There is no "excess" going to the TB. The regulator pressurizes the line to the TB to working pressure. The excess is routed back the the tank by the regulator. On my car this is all done right at the tank. So there is one pressure regulated line that goes up to the TB. Some explanation,
In a static case ( TB not flowing fuel but fuel pump on ). the pressure in the line is the same anywhere between the regulator and the TB regardless of restrictions in the line ( kinks, sharp bends, size changes...).
Once fuel starts to flow the restrictions matter. If there is a sudden fuel demand, the pressure will drop on the downstream side of the restriction. If it isn't too big of a flow change, the regulator and pump should be able to keep up. This is minimized when the regulator is at the TB, but then you need that return line.
There have been several ways to do a returnless system, Fuel on demand PWM control of the fuel pump. This I think has been problematic in most systems. Another is to use an accumulator to store fuel under working pressure to help accommodate sudden fuel demand, if the accumulator holds much more fuel than what is in the line to the TB, can work well. Some have combined an accumulator with a PWM pump system.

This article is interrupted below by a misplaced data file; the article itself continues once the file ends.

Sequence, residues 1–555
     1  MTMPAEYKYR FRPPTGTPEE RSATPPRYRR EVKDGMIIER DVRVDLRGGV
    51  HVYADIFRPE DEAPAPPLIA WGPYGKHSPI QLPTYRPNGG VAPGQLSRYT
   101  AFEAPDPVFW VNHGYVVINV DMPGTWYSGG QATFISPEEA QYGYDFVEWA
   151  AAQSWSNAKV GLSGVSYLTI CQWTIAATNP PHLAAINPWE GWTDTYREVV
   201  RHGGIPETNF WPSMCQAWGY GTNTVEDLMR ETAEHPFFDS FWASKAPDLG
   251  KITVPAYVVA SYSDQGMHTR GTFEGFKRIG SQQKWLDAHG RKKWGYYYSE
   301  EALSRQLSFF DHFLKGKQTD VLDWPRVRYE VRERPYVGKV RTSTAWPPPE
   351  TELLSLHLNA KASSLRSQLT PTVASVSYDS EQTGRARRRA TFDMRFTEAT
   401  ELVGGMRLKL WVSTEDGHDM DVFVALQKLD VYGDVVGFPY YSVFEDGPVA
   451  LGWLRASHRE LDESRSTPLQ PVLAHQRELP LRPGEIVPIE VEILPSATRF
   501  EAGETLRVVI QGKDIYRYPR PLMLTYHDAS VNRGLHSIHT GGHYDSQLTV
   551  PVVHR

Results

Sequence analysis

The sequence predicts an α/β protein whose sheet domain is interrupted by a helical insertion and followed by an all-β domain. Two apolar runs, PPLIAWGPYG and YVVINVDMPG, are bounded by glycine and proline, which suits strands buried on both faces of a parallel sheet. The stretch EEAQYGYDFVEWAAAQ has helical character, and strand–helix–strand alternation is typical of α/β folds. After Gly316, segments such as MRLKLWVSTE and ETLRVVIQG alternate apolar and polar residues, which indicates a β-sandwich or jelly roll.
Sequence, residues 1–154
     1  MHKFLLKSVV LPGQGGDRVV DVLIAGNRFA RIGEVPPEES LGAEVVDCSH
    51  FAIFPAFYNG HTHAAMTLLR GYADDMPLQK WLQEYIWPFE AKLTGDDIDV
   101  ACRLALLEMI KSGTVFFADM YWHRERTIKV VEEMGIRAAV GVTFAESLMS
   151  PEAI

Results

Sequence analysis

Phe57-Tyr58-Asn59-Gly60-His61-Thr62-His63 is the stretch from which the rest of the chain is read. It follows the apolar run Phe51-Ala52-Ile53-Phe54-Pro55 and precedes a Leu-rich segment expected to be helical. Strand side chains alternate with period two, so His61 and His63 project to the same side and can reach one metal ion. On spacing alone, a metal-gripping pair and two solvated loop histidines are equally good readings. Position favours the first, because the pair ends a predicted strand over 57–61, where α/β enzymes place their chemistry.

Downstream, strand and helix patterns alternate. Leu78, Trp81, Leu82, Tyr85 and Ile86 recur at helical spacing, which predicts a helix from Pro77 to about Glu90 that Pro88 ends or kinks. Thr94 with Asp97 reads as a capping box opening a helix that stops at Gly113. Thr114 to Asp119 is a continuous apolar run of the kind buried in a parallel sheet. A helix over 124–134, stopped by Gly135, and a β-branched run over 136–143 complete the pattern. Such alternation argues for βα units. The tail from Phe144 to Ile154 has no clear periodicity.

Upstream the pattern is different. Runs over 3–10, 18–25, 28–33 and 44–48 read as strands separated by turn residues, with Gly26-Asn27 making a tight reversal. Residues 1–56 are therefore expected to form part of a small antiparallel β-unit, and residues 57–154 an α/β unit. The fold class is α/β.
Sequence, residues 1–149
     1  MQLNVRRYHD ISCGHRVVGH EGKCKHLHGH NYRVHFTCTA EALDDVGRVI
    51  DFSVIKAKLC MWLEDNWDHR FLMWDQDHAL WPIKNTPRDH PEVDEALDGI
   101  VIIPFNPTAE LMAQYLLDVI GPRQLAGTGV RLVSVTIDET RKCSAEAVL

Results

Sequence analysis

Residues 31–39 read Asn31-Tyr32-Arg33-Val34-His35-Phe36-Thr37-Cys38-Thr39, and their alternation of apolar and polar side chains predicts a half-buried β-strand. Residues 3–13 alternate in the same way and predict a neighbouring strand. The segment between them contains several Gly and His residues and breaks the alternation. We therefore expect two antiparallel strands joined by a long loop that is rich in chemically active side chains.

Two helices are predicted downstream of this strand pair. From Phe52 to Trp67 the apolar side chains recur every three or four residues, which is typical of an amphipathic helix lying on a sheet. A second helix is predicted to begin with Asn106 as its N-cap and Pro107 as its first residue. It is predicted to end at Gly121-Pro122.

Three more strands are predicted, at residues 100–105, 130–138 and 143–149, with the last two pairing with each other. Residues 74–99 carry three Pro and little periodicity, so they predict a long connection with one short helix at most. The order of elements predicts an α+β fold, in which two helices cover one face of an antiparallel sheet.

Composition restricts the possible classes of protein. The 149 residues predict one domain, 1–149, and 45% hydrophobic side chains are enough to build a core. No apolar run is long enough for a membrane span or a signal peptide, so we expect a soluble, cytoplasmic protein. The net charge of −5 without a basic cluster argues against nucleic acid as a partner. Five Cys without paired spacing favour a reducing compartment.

My system is more like a plain accumulator system where the fuel lines are the accumulator. I used 3/8 steel line to run from the tank to engine bay, more fuel line than my car needs. The steel line is not great as an accumulator, but I also have rubber line which is better. High pressure rubber line tank to TB would have been best. As it is, the system works. I might notice a slight lean condition initially when I stomp on it, but it is quickly resolved. I don't really know if the lean is from a pressure drop or the fuel table not being perfect. I do not see a fuel drop on my gauge where the sender is mounted directly to my TB.
Anyway, there are ways to do it without a return line from the TB to the tank.
Is that possible with the amount of fuel going into the TB, the excess needs to go somewhere.